After a while, the people who attended Midwest Dreamin’ started asking when it was going to happen again.
I tried to do it again in 2012 and 2013, but life just got in the way and it couldn't happen. But in 2014, I reached out to a whole bunch of community group leaders in the Midwest and said, “I wanna do this again. Who wants to help?” A bunch of hands went up. We brought Midwest Dreamin’ back to life in Chicago, and it’s been going on since then. We had almost 900 people registered in 2019.
Unfortunately, given the current circumstances, we had to cancel the event for 2020. However, it’s already on the books for June 16-18, 2021 in Minneapolis.
Lots of similar events use the “Dreamin” naming convention today. Were you the first one to coin it?
Midwest Dreamin’ has become the largest event of its kind in the US, so I guess “Dreamin’” just stuck for other events. You could say I came up with it. Something like 90% of other Salesforce Community-led events use it in some form.
Midwest Dreamin’ was one of the first events of its kind, but there were two other similar events that I’m aware of happening in the US prior to it. One of them was Snowforce in Salt Lake City, and they're still going strong. The other was an event that happened in Florida for about three years called Dreamforce To You Florida. I actually talked with the leaders of Dreamforce To You Florida about their event before launching Midwest Dreamin.’ They envisioned it as more of a “super user group” meeting, and that's kind of where Midwest Dreamin’ got started: it was about gathering people from the Midwest together in one spot, spending a whole day doing nothing but Salesforce.
"Who you know is more important than what you know, since who you know can lead you to the answers you seek."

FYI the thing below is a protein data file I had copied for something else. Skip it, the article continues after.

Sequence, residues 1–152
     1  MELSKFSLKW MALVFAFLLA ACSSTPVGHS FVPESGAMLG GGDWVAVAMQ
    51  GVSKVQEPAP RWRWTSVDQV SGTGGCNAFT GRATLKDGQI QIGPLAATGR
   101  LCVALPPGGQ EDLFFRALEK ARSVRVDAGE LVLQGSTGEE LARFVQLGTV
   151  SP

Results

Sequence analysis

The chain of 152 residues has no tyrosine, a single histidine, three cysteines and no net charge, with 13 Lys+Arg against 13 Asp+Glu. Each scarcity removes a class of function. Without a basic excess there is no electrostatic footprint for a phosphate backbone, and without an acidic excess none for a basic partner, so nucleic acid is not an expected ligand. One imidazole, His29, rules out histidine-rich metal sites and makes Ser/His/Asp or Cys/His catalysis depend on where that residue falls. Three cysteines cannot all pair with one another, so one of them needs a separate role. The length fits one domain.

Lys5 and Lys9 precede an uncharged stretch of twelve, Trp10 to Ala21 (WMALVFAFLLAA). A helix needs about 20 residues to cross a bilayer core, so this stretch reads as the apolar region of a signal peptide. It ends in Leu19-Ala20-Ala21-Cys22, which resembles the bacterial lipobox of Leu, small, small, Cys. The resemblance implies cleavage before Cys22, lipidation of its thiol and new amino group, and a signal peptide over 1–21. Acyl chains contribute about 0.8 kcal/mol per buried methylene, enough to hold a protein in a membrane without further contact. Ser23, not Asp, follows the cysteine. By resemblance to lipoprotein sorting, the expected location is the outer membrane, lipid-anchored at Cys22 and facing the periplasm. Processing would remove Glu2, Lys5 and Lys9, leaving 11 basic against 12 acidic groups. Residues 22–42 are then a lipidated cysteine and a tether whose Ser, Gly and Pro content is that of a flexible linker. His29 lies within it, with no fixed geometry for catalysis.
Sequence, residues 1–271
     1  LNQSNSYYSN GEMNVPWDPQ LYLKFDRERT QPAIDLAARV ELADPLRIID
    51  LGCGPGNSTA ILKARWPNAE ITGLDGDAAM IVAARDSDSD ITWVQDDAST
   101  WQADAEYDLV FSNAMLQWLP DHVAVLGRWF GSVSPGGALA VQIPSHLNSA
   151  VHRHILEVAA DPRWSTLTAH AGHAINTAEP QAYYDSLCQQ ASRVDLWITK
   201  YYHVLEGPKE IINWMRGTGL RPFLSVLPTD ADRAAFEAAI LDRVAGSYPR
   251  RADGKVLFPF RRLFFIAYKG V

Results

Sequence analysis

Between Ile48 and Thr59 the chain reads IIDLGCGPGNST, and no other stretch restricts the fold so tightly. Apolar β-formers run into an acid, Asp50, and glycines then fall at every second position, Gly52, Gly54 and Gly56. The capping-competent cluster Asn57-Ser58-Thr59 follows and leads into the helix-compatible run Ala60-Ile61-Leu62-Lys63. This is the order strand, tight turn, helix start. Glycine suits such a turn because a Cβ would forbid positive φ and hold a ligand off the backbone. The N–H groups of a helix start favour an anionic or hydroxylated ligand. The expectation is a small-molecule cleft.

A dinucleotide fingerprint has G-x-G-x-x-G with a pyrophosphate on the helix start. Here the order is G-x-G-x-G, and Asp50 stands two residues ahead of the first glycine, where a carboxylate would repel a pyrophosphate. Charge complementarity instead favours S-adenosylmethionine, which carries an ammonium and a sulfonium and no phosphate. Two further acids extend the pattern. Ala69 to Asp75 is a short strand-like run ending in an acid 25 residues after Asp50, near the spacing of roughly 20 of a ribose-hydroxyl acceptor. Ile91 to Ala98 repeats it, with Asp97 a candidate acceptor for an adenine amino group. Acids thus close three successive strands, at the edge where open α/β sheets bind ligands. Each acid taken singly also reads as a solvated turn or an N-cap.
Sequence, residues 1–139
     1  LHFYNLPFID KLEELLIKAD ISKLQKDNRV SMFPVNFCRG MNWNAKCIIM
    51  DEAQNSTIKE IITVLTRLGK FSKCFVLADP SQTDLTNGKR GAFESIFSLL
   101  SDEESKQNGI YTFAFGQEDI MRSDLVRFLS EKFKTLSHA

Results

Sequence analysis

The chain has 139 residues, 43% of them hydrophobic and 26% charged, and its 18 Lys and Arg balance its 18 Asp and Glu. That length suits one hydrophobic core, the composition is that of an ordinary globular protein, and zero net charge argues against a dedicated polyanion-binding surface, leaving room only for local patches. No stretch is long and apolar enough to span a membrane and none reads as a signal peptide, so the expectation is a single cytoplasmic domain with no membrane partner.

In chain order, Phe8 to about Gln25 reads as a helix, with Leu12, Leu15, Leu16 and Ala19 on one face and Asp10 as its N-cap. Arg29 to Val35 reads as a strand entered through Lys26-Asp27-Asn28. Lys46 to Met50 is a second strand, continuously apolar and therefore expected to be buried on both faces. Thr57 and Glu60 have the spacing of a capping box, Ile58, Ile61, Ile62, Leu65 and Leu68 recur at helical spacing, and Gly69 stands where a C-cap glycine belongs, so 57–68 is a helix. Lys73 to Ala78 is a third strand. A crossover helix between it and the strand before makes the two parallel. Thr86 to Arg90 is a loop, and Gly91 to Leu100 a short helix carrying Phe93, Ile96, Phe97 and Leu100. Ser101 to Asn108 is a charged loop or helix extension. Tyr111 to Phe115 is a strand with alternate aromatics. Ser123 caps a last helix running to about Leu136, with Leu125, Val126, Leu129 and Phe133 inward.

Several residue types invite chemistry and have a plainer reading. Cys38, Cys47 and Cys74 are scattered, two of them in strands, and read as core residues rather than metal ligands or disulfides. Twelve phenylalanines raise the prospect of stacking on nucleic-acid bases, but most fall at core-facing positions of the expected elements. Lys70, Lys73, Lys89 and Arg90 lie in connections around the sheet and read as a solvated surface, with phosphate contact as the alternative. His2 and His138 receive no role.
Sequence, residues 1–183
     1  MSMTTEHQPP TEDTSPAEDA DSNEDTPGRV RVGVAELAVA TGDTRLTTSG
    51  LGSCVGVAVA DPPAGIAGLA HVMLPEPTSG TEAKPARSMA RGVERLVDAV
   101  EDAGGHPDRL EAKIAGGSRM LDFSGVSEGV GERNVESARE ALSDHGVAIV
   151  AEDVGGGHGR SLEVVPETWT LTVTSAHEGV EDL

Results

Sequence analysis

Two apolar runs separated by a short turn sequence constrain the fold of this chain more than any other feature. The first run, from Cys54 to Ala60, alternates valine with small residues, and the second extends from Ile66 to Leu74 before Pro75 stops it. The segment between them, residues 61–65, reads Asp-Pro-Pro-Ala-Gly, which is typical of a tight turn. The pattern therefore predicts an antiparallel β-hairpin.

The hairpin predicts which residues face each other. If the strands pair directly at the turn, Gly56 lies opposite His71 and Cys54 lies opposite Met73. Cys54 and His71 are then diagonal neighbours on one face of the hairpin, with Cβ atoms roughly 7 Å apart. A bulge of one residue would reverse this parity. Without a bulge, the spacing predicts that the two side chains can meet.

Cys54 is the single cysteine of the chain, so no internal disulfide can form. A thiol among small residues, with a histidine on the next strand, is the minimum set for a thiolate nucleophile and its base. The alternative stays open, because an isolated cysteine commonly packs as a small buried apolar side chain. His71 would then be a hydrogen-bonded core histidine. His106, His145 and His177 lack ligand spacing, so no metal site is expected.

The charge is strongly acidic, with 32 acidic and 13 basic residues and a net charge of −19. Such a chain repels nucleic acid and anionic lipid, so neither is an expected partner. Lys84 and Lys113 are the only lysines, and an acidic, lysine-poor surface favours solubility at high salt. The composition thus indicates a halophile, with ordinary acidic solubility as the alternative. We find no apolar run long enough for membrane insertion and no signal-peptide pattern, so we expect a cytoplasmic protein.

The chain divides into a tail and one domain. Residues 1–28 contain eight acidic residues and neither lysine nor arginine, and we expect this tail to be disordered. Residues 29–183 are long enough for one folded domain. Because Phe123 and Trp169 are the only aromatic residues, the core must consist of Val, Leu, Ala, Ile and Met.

You’re obviously incredibly active in the Salesforce community. How do you find time for everything?
I’m fortunate enough to now work for ITequality, a company that places a high value on involvement with the Salesforce Community, continuous learning, and good mental health. In addition to that, since I’m responsible for marketing and brand awareness, it’s literally part of my job to be active on social media. However, when workload requires a lot, I do rely on tools like Buffer to be able to schedule future social posts. So, while there are times I’m awake and live tweeting at 3am, 4pm or nearly any hour of the day -- sometimes my tweets were planned out days or weeks in advance. I have told people before who asked this same question that I give up sleep more than anything.
Giving back is a core focus for a lot of Salesforce MVPs. What’s your favorite way to give back?
Every year at Dreamforce, I host an event called the Dreamforce Breakfast for Newbies -- it’s a chance for people new to Dreamforce to get to know one another and see familiar faces around the campus. I donate all of the proceeds each year to Project Night Night, a nonprofit that helps support homeless children. They build bags called “night night packs” that include a stuffed animal, a blanket, and a book. Their whole purpose is to give these kids something that’s personal and special to them. Their mission hits really close to home for me, and so far the breakfast has been able to raise over $30,000.